So how do we make new friends in 2020? Pennison says it starts with the word intention because friendships don’t just appear. We have to be intentional about making them happen.

As a gift to myself to prepare for a new decade both in age and in life, I turned to a friendship coach, hoping that professional advice would help me make more genuine connections.

How to hang out with your best friend

Something scares you. It’s not terrorism, economic recession, global warming, or gasoline prices that could hit 10 bucks per gallon by the time you’re done reading this. These things might worry you, but something else makes your palms sweat and your pulse hit triple digits: asking someone out on a date.

That’s because asking someone out involves potential pain. If the object of your affection becomes aware of your intentions, he or she might not reciprocate, and that’s going to hurt. I don’t care if you’re the most self-confident, well-adjusted person around; rejection hurts. It makes the remaining friendship awkward at best, humiliating at worst. Revealing romantic feelings is a risky business.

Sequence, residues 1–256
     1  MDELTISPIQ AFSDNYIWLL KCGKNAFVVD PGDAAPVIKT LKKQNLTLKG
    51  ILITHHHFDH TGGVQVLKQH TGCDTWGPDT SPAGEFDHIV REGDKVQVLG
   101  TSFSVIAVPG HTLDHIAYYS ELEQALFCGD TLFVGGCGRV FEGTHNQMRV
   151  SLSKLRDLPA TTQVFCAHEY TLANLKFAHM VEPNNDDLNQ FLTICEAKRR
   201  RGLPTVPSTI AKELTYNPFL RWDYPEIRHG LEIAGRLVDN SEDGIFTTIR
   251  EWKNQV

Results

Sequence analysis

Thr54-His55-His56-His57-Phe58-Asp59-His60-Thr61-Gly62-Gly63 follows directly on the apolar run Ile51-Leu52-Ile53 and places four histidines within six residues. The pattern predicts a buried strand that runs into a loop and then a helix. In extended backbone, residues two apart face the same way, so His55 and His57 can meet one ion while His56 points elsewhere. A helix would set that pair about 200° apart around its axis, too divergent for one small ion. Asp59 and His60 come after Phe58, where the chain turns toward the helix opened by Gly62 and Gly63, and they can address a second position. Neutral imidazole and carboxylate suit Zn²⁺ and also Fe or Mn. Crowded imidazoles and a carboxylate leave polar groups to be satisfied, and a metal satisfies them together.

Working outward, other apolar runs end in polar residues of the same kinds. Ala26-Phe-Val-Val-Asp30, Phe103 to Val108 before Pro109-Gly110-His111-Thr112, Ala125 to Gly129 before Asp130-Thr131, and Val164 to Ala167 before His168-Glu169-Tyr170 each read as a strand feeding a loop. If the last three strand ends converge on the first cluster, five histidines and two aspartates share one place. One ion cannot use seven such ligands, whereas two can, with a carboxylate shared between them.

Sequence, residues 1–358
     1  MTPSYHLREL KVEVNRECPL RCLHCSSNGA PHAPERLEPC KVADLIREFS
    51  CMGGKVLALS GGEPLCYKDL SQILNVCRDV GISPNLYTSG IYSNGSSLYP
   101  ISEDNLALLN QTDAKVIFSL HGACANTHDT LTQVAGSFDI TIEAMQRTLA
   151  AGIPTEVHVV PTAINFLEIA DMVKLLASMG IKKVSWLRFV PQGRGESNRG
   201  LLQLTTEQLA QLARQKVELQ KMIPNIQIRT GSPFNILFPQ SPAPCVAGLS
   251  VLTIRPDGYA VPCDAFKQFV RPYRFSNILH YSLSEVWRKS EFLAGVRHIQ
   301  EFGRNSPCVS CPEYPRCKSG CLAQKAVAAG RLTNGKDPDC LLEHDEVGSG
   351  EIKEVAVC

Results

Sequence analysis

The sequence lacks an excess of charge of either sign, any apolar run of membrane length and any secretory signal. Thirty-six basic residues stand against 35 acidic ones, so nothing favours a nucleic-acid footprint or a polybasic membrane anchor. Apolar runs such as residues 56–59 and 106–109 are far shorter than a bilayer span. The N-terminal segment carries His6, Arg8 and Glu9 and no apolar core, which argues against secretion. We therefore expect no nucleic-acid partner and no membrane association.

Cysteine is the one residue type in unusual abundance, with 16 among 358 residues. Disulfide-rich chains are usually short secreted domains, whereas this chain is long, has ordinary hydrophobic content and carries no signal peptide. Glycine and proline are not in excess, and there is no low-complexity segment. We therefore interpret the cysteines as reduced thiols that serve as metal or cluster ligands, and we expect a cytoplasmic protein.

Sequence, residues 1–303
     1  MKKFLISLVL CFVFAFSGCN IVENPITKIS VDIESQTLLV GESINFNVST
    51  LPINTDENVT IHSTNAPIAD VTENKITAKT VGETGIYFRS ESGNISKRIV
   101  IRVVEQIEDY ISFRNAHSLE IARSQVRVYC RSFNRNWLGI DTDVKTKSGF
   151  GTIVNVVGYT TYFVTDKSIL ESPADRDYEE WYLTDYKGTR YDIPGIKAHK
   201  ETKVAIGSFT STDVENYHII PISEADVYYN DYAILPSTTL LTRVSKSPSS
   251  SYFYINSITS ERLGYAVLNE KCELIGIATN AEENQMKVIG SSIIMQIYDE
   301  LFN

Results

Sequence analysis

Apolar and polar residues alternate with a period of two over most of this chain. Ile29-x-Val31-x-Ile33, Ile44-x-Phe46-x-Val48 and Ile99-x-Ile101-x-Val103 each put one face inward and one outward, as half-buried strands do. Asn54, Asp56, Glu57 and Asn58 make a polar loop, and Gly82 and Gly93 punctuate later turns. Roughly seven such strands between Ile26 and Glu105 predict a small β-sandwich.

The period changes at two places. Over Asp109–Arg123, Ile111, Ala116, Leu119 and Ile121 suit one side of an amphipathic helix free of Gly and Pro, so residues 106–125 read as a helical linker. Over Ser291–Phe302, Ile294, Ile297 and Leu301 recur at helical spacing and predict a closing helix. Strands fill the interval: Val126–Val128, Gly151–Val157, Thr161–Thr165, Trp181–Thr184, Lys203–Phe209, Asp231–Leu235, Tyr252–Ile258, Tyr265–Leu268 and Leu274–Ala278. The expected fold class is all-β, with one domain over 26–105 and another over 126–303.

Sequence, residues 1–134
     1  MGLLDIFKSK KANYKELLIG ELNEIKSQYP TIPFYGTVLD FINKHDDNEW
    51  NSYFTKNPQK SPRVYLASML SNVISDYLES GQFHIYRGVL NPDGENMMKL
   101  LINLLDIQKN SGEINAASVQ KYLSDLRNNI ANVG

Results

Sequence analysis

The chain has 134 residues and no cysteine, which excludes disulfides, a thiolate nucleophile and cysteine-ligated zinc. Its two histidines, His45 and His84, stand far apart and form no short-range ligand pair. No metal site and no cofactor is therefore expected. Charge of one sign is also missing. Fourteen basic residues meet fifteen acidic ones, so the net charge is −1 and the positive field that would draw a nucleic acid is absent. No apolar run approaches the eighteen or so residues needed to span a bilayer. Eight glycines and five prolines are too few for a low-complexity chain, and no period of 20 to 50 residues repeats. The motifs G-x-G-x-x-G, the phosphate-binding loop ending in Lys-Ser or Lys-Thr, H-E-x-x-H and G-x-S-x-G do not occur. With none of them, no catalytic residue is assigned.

Many people find a way around the risk. Or at least they think they do. Instead of asking someone out on a date and being bold in their intentions, they turn to the soggy milquetoast alternative to dating: “hanging out.”

Here’s how it works: You like someone but you’re afraid to let him or her know. So instead of asking the person on a date, you go on approximations of dates that allow for plausible deniability of all romantic intentions. You study together. You exercise together. You find lame excuses to call or text. Worst of all, you engage in the most banal and abysmal of non-dates—going to coffee. It has the trappings of a date—a cozy ambiance, comforting beverages, atmospheric music—while allowing everyone involved to disavow the actual occurrence of a date. Fear of rejection alone has resulted in the proliferation of Starbucks like a French-roasted virus.